On June 6, 1944, more than 160,000 Allied troops landed along a 50-mile stretch of heavily fortified French coastline, to fight Nazi Germany on the beaches of Normandy, France. General Eisenhower called the operation a crusade in which, “we will accept nothing less than full victory.” More than 5,000 ships and 13,000 aircraft supported the D-Day invasion, and by sundown, the Allies gained a foothold in Continental Europe.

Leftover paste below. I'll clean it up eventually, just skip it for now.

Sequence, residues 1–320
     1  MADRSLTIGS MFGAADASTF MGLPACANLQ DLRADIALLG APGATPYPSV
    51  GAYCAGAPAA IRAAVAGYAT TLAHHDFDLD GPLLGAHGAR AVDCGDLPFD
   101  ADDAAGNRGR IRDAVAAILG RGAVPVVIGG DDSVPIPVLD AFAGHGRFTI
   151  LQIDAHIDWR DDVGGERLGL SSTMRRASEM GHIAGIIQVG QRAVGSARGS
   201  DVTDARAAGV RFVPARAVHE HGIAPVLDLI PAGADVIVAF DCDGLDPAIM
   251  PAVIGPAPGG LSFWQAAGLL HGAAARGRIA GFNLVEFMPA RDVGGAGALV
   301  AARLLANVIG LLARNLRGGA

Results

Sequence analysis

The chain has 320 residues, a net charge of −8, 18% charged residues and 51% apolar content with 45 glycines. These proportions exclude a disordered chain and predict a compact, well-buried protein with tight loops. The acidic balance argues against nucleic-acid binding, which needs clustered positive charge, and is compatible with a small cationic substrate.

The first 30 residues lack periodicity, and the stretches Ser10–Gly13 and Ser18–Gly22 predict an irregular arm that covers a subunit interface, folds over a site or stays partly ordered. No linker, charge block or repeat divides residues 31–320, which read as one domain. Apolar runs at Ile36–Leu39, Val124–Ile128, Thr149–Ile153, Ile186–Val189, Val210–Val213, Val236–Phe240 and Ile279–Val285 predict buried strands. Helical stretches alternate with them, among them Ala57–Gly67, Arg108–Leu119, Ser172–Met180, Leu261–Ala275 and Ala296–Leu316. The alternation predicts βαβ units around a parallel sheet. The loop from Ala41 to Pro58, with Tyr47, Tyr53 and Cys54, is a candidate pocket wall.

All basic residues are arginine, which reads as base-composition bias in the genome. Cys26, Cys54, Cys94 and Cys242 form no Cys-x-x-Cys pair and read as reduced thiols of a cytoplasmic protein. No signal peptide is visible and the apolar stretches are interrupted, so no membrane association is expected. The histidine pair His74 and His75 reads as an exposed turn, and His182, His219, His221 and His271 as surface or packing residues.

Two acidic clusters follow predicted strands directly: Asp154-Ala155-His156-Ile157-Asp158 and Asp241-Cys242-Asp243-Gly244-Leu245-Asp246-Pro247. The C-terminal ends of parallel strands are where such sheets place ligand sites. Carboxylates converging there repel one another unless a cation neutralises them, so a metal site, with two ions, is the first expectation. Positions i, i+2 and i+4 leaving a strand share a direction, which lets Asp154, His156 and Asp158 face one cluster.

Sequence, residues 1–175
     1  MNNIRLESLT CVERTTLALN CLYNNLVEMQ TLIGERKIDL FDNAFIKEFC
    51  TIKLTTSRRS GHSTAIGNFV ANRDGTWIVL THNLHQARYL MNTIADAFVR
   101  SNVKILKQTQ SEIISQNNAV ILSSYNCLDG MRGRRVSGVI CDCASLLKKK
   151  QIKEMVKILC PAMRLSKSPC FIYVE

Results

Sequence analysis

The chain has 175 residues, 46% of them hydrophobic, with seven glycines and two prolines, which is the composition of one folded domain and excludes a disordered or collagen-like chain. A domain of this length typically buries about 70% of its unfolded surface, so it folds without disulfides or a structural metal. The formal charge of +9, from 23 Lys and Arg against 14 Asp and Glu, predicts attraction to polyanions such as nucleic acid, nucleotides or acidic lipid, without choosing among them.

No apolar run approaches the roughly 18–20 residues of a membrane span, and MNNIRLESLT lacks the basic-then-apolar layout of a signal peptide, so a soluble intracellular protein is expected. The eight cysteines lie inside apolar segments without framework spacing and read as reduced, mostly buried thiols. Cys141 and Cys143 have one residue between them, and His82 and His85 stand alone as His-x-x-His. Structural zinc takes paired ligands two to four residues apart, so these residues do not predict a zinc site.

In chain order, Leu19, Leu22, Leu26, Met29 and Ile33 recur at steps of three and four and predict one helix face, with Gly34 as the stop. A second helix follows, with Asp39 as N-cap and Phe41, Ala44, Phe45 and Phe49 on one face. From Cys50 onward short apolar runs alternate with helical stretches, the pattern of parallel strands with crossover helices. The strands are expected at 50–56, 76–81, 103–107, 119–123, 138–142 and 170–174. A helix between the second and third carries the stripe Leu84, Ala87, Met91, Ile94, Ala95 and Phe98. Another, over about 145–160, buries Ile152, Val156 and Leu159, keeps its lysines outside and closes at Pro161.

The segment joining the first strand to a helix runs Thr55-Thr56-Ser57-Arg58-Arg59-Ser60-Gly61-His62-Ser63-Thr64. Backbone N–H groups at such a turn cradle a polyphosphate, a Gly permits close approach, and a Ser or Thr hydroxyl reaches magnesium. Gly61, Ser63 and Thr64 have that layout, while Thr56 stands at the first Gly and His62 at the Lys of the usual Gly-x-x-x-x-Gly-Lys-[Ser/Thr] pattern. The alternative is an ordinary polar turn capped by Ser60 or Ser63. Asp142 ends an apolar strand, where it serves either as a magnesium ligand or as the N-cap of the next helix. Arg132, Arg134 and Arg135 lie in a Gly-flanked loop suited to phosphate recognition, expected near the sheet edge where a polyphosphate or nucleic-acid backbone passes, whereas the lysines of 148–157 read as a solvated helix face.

The cost in lives on D-Day was high. More than 9,000 Allied Soldiers were killed or wounded, but their sacrifice allowed more than 100,000 soldiers to begin the slow, hard slog across Europe. The American Cemetery honors 9,387 American veterans who have been laid to rest in this piece of land given to the United States by France. Next-of-kin made the decision whether to have their loved ones repatriated home or buried here.   A friend told me that when his relative died there, his father had to make the decision, and said, ” “Hasn’t he been through enough? Let him rest.” And so they buried him in France.